WHO’s Diagnosis of Gaming Disorder Questioned by Professors from the University of Sydney
It’s official, the so-called gaming disorder has been recently approved as a mental illness by the World Health Organization despite the protests of the video games industry.
However, even among physicians and psychologists, there are many lingering doubts about this diagnosis. For instance, three professors from the University of Sydney publicly shared their disapproval with regards to this classification.
Professor Alex Blaszczynski, a Professor and Director of the University of Sydney’s Gambling Treatment Clinic and Chair, Responsible Gambling Research Group, said:
Although gaming disorder can lead to harms through excessive play interfering with study, work and relationships, the concept of it representing a behavioural addiction remains to be established. An important question is the causal connection between a range of social-environmental factors and personality traits and the emergence of excessive gaming. Are we pathologising normal behaviours, given some forms of video gaming are popular and promote social peer group interactions, by labelling them an addictive disease process?
Treatment of gaming disorders remain in their infancy. Programs have been developed in China and Korea, some of which entail residential courses designed to ‘de-tox’ the addiction and deal with withdrawal symptoms. Cognitive therapies based on gambling addictions need to be evaluated for their effectiveness, and the role of parents needs further assessment. The role of regulators in providing sufficient information to players of how games operate is important in respect of in-app purchases.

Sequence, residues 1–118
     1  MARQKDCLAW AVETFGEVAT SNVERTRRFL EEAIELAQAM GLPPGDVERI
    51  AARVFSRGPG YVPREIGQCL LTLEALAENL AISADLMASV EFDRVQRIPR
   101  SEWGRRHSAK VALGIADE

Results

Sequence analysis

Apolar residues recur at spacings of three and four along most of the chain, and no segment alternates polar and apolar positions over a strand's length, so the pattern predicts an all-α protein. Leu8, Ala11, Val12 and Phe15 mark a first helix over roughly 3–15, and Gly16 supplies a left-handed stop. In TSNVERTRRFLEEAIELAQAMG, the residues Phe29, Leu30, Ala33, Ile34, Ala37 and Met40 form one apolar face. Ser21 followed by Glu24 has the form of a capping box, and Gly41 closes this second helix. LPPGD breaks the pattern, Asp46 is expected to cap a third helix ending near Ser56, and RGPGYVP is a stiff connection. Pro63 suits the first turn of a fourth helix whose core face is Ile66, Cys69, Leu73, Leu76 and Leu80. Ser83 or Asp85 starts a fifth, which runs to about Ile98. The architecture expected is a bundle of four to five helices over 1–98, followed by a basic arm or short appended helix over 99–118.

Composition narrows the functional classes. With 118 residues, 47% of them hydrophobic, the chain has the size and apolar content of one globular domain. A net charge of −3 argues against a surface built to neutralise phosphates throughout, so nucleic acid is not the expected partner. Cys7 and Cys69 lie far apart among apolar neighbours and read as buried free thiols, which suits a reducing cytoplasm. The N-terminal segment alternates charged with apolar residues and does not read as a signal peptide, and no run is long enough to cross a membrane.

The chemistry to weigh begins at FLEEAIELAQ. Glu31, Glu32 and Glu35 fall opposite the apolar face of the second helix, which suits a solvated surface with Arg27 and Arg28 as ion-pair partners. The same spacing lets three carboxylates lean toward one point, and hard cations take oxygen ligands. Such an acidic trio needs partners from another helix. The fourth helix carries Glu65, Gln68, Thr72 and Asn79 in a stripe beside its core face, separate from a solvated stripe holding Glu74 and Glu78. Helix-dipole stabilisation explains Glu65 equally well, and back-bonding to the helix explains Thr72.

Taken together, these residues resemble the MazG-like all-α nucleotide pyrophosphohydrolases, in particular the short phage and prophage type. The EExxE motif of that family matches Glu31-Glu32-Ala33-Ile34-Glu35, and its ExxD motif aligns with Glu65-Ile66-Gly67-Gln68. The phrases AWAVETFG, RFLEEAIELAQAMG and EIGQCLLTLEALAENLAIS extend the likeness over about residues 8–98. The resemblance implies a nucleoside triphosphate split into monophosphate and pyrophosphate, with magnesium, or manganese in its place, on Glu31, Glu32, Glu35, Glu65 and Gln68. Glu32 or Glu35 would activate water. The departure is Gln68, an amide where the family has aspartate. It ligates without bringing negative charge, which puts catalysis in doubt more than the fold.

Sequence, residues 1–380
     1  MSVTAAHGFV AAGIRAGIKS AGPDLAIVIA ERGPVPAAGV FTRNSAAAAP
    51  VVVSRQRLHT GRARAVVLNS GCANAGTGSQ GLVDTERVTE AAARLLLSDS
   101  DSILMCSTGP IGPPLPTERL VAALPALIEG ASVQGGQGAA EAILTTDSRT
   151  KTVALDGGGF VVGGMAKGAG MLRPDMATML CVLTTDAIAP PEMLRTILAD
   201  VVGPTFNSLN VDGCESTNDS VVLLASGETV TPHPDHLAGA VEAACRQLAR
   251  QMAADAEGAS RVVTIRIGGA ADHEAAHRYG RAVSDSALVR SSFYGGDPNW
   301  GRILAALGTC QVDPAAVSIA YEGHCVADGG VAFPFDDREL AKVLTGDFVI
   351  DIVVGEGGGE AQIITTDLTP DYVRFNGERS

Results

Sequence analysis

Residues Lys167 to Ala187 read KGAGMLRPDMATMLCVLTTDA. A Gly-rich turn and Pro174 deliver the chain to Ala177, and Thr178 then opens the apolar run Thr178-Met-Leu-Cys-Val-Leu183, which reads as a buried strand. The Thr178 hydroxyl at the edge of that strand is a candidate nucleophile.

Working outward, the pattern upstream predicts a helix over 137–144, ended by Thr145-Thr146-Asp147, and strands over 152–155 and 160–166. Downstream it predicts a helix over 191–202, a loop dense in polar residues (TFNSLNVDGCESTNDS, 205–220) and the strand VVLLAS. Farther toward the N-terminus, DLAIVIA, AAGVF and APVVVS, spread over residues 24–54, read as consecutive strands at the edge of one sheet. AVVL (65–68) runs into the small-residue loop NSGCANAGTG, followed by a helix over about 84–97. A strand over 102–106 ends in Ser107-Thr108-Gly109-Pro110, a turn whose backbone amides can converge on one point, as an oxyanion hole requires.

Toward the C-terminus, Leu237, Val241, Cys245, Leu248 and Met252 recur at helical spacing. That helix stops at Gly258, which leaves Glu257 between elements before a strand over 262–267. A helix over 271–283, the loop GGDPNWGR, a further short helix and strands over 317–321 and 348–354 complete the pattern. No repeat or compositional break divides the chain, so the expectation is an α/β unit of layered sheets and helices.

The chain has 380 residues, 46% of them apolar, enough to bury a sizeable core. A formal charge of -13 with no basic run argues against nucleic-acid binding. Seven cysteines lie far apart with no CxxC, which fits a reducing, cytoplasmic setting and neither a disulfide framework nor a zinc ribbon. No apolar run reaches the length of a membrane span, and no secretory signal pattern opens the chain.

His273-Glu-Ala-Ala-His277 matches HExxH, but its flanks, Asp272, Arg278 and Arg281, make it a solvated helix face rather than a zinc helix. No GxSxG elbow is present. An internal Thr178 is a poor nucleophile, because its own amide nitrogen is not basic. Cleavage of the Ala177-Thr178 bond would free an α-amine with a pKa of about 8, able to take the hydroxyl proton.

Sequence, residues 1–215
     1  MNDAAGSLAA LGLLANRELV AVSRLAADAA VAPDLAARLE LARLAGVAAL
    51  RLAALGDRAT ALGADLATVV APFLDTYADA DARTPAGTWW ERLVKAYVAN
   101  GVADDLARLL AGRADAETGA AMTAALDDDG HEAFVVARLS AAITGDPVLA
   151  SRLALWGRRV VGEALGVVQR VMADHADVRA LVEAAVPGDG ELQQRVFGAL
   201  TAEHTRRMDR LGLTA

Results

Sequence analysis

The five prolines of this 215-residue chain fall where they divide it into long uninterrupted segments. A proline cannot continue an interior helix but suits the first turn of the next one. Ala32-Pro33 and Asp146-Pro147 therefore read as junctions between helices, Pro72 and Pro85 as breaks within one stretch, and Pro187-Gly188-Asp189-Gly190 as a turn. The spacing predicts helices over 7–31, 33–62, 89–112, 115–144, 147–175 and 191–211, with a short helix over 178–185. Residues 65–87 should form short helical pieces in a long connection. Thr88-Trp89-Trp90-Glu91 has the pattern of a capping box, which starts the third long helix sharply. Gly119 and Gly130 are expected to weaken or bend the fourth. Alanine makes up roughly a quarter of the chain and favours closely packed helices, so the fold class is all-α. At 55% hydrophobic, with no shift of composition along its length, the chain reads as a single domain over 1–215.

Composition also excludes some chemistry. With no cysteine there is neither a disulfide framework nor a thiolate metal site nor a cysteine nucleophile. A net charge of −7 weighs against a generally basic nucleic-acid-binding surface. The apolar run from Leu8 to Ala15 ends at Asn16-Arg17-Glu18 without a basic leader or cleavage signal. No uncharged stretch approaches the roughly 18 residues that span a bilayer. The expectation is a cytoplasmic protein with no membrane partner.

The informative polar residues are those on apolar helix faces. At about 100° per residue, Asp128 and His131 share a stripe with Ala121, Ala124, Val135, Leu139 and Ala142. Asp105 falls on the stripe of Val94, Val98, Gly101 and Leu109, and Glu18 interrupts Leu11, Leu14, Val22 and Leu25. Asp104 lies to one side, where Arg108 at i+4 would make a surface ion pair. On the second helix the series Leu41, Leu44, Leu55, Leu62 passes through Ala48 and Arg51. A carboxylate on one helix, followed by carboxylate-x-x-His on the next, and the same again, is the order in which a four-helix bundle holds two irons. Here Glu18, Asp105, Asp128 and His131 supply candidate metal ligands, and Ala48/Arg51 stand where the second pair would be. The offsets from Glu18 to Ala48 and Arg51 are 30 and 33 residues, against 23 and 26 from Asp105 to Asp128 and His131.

The University of Sydney’s Gambling Research and Treatment Clinic and the Brain and Mind Centre’s Problematic Risk Taking and Emerging Technology group under Associate Professor Sally Gainsbury are currently investigating issues related to regulations and impacts of risk taking using online technologies including gaming. This research focuses on investigating human decision-making and behaviours in the online environment.
Dr. Marcus Carter, a Lecturer in Digital Cultures, studied Epic’s Fortnite and had the following to add:
A key issue with the overzealous and unfounded designation of gaming addiction as a disease by WHO is its impacts on children, for whom gaming is nothing but a rich, rewarding and positive experience.
Our research into 9-14-year-old digital play has found that the negative impact of articles reporting on games like Fortnite as being ‘addictive’ or ‘dangerous’ is that children develop a high level of distrust towards the media and adults on similar topics.
Lastly, Associate Professor Vladan Starcevic, Head of the Department of Psychiatry and an expert in gaming addiction and obsessive-compulsive disorder, recently co-authored with Pravin Dullur a paper aptly titled ‘Internet gaming disorder does not qualify as a mental disorder’, published in the Australian and New Zealand Journal of Psychiatry in November 2017.
Here’s an excerpt from the paper:
In our view, problematic online gaming and its ‘offshoots’ such as [Internet gaming disorder] and gaming disorder should not be conceptualised as a mental disorder.
As this is a highly contentious topic, we encourage you to share your opinions in the comments.